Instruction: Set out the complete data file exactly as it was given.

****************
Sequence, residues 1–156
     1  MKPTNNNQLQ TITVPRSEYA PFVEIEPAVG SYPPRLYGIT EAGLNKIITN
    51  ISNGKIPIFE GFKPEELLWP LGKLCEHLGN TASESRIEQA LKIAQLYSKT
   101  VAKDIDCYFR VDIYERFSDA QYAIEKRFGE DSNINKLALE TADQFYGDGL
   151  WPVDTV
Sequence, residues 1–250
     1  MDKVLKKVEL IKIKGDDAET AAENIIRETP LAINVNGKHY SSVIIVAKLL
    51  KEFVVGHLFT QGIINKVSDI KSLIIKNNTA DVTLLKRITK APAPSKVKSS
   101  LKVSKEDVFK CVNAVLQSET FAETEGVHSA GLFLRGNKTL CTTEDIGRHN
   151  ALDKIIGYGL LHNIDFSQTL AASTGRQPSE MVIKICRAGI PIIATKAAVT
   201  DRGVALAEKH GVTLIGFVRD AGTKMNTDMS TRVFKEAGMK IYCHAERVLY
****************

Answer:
Sequence, residues 1–156
     1  MKPTNNNQLQ TITVPRSEYA PFVEIEPAVG SYPPRLYGIT EAGLNKIITN
    51  ISNGKIPIFE GFKPEELLWP LGKLCEHLGN TASESRIEQA LKIAQLYSKT
   101  VAKDIDCYFR VDIYERFSDA QYAIEKRFGE DSNINKLALE TADQFYGDGL
   151  WPVDTV
Sequence, residues 1–250
     1  MDKVLKKVEL IKIKGDDAET AAENIIRETP LAINVNGKHY SSVIIVAKLL
    51  KEFVVGHLFT QGIINKVSDI KSLIIKNNTA DVTLLKRITK APAPSKVKSS
   101  LKVSKEDVFK CVNAVLQSET FAETEGVHSA GLFLRGNKTL CTTEDIGRHN
   151  ALDKIIGYGL LHNIDFSQTL AASTGRQPSE MVIKICRAGI PIIATKAAVT
   201  DRGVALAEKH GVTLIGFVRD AGTKMNTDMS TRVFKEAGMK IYCHAERVLY